In her recent book: American Girls: Social Media and the Secret Lives of Teenagers, Nancy Jo Sales talks about the “culture of social media.” “We’re on it 24-7,” she quotes a 13-year-old-girl in Montclair, New Jersey, “and it’s ruining our lives…It’s all we do.”

“Beautiful,” “Hot,” “Gorgeous,” “Sexy,” are responses given to selfie pictures in the culture of social media, “responses which many girls seek as they spend minutes or hours of their day preparing themselves to be photographed and photographing themselves to their best advantage,” writes Sales. “For many girls, the pressure to be considered ‘hot’ is felt on a nearly continual basis.”

In the book a 12-year-old girl is quoted as saying: “How you look is all anybody cares about anymore…Being beautiful nowadays is seen as way better than being smart…If people aren’t pretty nowadays, they’re done with their life. Like, I’m not pretty, I can’t live.” This is the bill of goods our children are being sold. This is the hell they are living in. But what a lie this is! Sales writes: “Social media creates a heightened sense of competition and inferiority.”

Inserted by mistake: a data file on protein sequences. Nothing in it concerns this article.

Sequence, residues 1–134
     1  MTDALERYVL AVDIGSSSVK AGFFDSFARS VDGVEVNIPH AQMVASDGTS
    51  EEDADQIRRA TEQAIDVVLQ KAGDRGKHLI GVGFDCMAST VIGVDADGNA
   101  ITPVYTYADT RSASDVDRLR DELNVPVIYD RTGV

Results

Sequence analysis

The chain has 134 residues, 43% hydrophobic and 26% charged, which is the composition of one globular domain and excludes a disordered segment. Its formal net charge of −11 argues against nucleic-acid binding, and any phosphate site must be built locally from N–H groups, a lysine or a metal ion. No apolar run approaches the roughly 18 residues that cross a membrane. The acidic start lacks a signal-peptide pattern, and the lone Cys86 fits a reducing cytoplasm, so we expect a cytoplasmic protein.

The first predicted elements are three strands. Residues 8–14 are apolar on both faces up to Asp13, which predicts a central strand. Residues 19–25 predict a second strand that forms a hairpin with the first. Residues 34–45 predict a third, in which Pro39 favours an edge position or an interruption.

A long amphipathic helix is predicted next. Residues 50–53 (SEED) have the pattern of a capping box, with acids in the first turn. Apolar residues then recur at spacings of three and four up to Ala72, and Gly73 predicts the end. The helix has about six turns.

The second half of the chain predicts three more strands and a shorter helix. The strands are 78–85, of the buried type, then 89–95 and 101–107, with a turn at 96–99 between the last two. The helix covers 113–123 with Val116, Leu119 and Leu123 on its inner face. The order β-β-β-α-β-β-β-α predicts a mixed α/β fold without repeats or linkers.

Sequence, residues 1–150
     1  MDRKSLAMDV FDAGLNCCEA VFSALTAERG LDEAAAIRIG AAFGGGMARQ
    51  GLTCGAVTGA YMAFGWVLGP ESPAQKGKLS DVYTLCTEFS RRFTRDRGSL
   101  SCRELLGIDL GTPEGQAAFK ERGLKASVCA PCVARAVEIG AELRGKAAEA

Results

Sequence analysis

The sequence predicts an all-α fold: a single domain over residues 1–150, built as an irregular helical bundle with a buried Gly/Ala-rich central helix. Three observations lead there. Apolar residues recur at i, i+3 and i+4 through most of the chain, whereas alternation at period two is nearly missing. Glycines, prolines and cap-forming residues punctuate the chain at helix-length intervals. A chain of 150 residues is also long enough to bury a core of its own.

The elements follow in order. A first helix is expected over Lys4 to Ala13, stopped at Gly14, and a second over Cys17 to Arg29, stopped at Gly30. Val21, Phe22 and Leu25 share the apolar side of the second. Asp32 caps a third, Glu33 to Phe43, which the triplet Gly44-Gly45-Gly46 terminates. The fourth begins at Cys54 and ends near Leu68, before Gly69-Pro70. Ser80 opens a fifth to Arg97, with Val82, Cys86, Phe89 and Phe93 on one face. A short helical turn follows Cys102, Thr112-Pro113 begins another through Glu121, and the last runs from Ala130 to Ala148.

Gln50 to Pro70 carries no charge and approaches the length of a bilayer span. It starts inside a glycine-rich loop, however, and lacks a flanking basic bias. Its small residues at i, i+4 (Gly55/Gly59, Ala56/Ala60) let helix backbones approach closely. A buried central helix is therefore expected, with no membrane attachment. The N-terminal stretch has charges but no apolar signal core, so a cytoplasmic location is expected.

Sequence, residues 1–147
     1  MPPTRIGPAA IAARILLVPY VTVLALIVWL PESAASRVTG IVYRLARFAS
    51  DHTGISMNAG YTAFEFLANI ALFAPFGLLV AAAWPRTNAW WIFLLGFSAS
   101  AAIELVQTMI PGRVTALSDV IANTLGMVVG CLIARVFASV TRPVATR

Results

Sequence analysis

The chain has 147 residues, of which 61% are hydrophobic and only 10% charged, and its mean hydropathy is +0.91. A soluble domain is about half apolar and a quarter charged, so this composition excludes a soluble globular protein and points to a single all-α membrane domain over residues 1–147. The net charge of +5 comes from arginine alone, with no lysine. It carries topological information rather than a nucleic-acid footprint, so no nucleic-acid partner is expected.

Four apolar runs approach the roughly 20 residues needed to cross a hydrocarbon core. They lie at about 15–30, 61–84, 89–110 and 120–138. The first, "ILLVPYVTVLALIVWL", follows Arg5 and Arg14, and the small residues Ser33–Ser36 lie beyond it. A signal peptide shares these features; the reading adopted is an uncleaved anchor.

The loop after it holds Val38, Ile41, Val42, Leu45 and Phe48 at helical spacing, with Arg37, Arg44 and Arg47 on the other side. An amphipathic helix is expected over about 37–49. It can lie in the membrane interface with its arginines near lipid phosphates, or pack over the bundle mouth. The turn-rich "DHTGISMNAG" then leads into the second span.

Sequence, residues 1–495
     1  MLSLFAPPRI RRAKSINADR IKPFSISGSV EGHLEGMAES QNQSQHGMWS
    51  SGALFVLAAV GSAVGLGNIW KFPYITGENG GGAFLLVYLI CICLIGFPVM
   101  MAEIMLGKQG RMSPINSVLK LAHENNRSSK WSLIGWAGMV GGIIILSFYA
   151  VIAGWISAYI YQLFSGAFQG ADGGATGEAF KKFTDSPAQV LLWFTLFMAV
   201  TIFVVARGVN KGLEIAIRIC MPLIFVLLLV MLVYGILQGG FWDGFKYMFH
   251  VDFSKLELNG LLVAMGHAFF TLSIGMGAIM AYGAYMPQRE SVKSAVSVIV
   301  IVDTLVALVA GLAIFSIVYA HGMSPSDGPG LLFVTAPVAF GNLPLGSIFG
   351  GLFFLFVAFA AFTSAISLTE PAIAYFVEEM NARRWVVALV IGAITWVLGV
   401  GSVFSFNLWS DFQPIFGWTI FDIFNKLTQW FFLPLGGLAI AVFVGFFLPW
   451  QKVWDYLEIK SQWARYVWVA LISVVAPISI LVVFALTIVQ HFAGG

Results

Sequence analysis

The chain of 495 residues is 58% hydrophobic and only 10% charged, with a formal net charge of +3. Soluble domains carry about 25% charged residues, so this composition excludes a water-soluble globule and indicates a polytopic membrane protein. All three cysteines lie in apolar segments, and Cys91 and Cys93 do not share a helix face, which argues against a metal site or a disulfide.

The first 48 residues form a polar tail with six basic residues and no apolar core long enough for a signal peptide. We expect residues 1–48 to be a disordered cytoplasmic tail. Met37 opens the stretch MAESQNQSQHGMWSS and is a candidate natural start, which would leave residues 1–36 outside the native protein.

They didn’t have social media when Samuel was trying to discern which of Jesse’s boys God had chosen to be the next king, but folks did judge each other by exterior features. Saul had been judged that way. Among this family he had never before met, Samuel had nothing else to go on as these young men stood before him, and we know for a fact that Samuel was taking note of their physical stature. After the seven sons of Jesse have passed before Samuel and all have been rejected, Samuel finds out that there is another son. “There is still the youngest one,” Jesse says, “but he’s out keeping the sheep.” It had never occurred to Jesse to call David in. It is very likely that David’s family never expected much of anything to come of David. It may have been they figured that tending sheep was all he would be good for…this would be his lot in life. It’s like they thought of him as the “runt of the litter.”